With fears over job cuts, recession, and repeated deployments to Afghanistan, attention is increasingly turning to the mental welfare of soldiers not just on operations but also those having to cope with the changing military structure in the UK.
With this in mind, the Army is launching phase two of its Don’t Bottle It Up campaign which will focus on stigma surrounding mental health, and occupational and life pressures as triggers for depression and anxiety disorders.
"There is a common misconception that mental health problems in the Army all relate to PTSD, but that is a very small percentage of the reported mental health complaints,” explains Lt Col Tony Rock, SO1 Health Promotion.
"The first phase of the campaign last year was very much about trying to break the stigma around combat stress, which we will continue to do, but in phase two we also want to bring awareness to the occupational and emotional factors that cause stress and can lead to depression," says Tony.
"Hopefully, by making people aware of how normal it is for these factors to effect their mental health we can break down the stigma associated with it.”
Adjustment disorders and concerns over money and employment, as well as troubles at home, are some of the biggest contributors to anxiety related mental health disorders, yet there is still a self-imposed cloud of shame around admitting the problem.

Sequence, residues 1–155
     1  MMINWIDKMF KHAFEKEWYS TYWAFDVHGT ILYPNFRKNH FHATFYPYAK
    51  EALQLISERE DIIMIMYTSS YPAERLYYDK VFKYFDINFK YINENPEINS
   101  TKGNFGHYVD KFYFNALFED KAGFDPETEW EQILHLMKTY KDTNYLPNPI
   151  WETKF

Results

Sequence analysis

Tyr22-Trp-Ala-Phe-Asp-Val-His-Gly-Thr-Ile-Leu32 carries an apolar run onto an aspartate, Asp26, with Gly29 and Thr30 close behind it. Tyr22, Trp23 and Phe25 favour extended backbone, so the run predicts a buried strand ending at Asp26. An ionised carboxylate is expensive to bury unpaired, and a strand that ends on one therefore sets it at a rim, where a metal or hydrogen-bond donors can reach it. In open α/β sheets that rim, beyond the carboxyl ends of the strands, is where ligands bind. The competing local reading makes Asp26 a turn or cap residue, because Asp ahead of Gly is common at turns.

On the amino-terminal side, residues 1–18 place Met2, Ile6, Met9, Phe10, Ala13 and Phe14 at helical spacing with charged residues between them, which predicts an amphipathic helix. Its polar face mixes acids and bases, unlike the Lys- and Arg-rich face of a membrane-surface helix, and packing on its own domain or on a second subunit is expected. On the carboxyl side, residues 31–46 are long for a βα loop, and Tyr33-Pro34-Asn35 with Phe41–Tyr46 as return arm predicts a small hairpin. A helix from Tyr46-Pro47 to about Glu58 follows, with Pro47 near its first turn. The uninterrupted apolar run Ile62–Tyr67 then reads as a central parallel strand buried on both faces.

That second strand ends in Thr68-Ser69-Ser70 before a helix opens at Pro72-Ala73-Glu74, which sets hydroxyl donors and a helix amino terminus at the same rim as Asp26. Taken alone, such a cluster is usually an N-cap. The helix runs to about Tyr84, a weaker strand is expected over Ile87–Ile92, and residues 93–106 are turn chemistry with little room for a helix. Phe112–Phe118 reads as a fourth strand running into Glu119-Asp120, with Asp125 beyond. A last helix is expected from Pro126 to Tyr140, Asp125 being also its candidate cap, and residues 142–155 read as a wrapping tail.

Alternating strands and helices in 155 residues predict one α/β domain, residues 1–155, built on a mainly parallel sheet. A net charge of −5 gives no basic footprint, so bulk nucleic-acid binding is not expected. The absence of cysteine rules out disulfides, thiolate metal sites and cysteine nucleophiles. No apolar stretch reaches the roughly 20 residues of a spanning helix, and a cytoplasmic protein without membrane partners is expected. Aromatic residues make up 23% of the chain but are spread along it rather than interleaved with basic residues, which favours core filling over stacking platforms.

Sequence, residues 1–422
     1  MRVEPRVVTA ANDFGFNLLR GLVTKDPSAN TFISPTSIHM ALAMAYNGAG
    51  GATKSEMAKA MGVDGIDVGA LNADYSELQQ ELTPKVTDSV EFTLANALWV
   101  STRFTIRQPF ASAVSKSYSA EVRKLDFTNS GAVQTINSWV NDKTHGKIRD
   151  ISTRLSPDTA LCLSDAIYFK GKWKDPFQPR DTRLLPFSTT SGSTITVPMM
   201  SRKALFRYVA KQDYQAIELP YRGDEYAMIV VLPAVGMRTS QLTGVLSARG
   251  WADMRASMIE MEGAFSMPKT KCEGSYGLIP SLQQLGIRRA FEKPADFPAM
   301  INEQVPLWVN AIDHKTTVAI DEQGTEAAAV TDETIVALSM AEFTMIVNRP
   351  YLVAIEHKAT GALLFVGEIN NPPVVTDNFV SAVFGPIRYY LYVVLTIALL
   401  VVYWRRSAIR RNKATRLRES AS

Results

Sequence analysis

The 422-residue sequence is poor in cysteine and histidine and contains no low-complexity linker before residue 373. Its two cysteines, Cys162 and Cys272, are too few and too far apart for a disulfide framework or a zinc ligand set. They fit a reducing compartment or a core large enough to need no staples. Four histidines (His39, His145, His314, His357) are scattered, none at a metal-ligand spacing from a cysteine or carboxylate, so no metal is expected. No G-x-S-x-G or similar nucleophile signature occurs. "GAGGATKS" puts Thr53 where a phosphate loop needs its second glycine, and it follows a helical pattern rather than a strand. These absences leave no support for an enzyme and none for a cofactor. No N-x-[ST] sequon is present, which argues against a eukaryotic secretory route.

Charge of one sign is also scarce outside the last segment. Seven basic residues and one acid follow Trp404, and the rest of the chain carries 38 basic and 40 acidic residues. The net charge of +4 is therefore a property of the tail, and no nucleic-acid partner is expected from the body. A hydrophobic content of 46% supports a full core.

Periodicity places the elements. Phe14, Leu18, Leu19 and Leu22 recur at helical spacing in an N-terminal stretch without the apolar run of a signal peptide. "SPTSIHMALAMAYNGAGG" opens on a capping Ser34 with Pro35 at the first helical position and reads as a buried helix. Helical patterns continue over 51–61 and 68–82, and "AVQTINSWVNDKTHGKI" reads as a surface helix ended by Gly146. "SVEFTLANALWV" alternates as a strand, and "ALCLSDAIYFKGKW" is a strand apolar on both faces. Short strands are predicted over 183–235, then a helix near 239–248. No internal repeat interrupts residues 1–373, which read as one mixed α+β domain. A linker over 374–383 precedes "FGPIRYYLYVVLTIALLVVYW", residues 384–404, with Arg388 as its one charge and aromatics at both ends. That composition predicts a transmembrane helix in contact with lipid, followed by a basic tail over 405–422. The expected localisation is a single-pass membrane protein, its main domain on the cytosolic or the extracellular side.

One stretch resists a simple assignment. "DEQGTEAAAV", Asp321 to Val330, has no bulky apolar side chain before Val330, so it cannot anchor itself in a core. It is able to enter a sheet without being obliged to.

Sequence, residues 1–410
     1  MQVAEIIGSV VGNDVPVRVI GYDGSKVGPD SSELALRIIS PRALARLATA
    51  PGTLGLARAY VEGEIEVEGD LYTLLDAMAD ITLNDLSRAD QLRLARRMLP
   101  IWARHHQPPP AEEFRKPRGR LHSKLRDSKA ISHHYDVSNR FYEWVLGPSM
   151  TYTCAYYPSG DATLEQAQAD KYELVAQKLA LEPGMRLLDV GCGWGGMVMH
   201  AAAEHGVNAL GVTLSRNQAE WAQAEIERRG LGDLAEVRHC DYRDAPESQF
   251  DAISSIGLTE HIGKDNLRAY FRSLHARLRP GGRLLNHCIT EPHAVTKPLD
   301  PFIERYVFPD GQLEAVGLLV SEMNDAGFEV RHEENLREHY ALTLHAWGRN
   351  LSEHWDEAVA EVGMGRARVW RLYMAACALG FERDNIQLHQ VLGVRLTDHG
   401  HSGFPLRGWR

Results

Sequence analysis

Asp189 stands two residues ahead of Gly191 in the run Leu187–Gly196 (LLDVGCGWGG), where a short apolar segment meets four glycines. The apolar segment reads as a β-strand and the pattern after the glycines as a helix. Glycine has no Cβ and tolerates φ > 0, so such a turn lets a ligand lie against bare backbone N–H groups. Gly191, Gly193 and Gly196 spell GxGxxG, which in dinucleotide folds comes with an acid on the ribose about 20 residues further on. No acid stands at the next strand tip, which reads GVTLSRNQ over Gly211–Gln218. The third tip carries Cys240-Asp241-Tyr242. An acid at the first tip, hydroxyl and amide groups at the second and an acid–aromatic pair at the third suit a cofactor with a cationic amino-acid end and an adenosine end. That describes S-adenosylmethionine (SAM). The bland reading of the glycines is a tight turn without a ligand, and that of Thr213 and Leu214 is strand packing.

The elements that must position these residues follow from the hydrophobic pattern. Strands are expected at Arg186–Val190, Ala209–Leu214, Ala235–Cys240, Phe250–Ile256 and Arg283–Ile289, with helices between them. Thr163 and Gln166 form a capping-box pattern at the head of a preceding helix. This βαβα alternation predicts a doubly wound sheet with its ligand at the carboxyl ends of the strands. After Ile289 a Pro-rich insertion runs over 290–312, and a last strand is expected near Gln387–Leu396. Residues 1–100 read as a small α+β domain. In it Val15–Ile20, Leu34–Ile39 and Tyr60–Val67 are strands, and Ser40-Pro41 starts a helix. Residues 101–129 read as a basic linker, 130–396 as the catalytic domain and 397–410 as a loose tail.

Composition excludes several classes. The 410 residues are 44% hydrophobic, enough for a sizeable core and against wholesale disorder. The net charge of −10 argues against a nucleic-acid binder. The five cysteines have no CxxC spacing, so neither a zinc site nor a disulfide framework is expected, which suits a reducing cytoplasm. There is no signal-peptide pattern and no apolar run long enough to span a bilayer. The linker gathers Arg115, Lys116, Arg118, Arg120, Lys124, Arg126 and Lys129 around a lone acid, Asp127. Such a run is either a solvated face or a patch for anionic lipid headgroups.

“Soldiers still consider a mental health problem a sign of weakness, which it isn’t. Being affected by a traumatic event or personal concern is a natural reaction to an unnatural situation. That’s not a weakness, but you do need to treat it so it doesn’t become worse. Mental health is like any illness, you need to treat it.”
Tell your story
Phase two of the Don’t Bottle It Up Mental Health Stigma campaign launched on 6 June with a new page on the Army website (see right-hand panel links) offering help and advice to soldiers and family members. The site will be updated regularly with case studies and personal experiences from soldiers and officers all trying to break down the stigma associated with mental health so others don't suffer the way they did.
If you want to tell your story to help with breaking down the fear and stigma around mental health contact SO2 Health Promotion: email: LF-DPSA-PS4-Health-Prom-SO2@mod.uk